Public to be asked for views on community fields

The footpath at FAUNA Nature Reserve at Fairfield was recently opened by Alfred and Audrey Brennand, children of Andrew Brennand, chairman of the Fairfield Association.
The footpath at FAUNA Nature Reserve at Fairfield was recently opened by Alfred and Audrey Brennand, children of Andrew Brennand, chairman of the Fairfield Association.
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A public consultation is to be held to gauge opinion on plans for some community fields in Lancaster.

In March 2013, the Fairfield Association, a community-based Lancaster environmental charity, announced that it had been awarded a substantial grant (nearly £100,000) from the Heritage LotteryFund which, when added to an even larger amount donated by local people, would enable it to

purchase the land (called Flora) that it wanted.

This added nearly 26 acres to its established 16-acre Fauna nature reserve.

The Flora land has now been acquired and the association is currently completing the purchase of further land (nearly six acres) between Fauna and Flora, effectively making the area one big nature reserve of nearly 50 acres.

The charity’s next step is to hold a public consultation to let the public know its current plans for Flora, and to get feedback on them before proceeding.

The public consultation will take place in the Friends Meeting House in Meeting House Lane, near Lancaster railway station and will run from 1pm to 7pm on Friday, September 6 and from 10am to 4pm on Saturday, September 7.

Graphics, photographs and text describing the plans will be presented and refreshments will be available.

Members of the Fairfield Association, a wildlife expert and a landscape architect will also be on hand to answer questions and explain the plans.

Visitors to the public consultation will be asked to comment separately on detailed aspects of the plans, using a specially-designed questionnaire.

In summary, the intention is to improve the area for local people and wildlife by using conservation and traditional farming practices.

This work could include:

• Introducing ponds and scrapes for wetland birds and small mammals;

• Changing the layout of the fields to increase the amount of hedgerow available for wildlife;

• Introducing broad wildflower margins at the edges of the fields;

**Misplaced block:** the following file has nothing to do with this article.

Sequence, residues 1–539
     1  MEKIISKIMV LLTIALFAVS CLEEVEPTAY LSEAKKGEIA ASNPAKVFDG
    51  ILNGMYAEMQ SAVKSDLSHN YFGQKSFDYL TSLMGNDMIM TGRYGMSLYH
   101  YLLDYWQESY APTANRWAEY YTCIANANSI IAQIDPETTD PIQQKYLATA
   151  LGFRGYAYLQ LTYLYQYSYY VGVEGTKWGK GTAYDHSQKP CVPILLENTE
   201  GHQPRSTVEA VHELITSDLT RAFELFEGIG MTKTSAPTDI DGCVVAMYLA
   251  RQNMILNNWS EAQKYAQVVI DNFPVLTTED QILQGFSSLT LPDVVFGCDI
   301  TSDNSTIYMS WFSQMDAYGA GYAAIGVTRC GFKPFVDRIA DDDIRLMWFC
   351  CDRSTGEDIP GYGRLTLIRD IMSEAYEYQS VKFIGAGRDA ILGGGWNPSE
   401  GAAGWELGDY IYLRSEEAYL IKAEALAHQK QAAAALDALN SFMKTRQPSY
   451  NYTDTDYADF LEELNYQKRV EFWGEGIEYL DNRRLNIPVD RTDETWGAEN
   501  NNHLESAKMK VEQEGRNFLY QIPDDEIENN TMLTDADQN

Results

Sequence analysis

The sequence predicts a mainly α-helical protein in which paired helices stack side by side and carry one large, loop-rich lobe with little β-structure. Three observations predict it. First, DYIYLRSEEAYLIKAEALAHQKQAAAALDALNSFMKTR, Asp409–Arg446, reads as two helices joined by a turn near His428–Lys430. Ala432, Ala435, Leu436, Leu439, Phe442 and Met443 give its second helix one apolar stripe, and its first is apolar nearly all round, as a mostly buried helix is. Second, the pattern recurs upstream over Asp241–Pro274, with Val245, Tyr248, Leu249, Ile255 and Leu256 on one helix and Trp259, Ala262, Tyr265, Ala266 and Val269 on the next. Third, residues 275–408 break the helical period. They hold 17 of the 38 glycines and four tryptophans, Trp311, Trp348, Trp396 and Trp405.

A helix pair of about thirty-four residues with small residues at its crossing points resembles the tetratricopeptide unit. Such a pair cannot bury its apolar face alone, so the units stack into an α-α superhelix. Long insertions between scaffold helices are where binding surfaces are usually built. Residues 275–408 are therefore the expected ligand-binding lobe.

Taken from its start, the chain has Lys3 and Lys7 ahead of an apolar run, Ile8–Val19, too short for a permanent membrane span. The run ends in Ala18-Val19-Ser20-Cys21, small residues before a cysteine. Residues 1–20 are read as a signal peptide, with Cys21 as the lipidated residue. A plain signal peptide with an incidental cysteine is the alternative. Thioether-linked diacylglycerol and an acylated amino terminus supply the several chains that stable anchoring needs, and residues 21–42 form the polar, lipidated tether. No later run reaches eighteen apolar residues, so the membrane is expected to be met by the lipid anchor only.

• Making some of the fields available for cattle grazing, as in the established Fauna reserve;

• Using some of the fields for spring-grown cereals, which it is hoped will attract lapwing and other wetland birds to the reserve, provide food for birds and small mammals and also more cover for hares and other mammals;

• Extending and improving the copse of mature trees called Pony Wood.

In addition to conserving the local landscape in wildlife-friendly ways, the association hopes to establish a new footpath giving the public delightful new views over Flora and Fauna to Lancaster Castle, Morecambe Bay and beyond.

Andrew Brennand, the Fairfield Association chairman, said: “We are all excited with our plans and are anxious to share our enthusiasm with other Lancastrians and get their views on what we propose.”

The association has already raised getting on for £300,000 to buy the land it has, and is, acquiring but it will need substantial further funds to make the conservation changes it wants to make.

“It is hoped that part of this funding will come from Natural England and its Higher Level Stewardship farm subsidy programme, which already gives the association some annual financial support for the Fauna nature reserve. Indeed, the plans to be unveiled have been drawn up in close consultation with experts from Natural England, in order to arrive at the best possible environment for local wildlife.

The Heritage Lottery Fund project which has helped the association to buy the Flora fields also has a learning component, which will begin on September 19 with a talk and question and answer session in the Storey Institute.

Hilary and Mick Short, two long-standing Fairfield Association trustees, will give an illustrated talk: The Fairfield Association and Flora: Past, Present, Plans and Possibilities.

This will be the first of a series of Flora-related talks and activities, which will continue until Spring 2014.

Other parts of the Heritage Lottery Fund funding will be used to provide 1. Learning activities for children in local primary and secondary schools and in FLORA; 2. Training for volunteers to help them to maintain the reserve; 3. An end-of-project two-day public exhibition in Lancaster City Centre about FLORA, its heritage and the Fairfield Association’s longer-term plans for conserving and managing the FLORA reserve.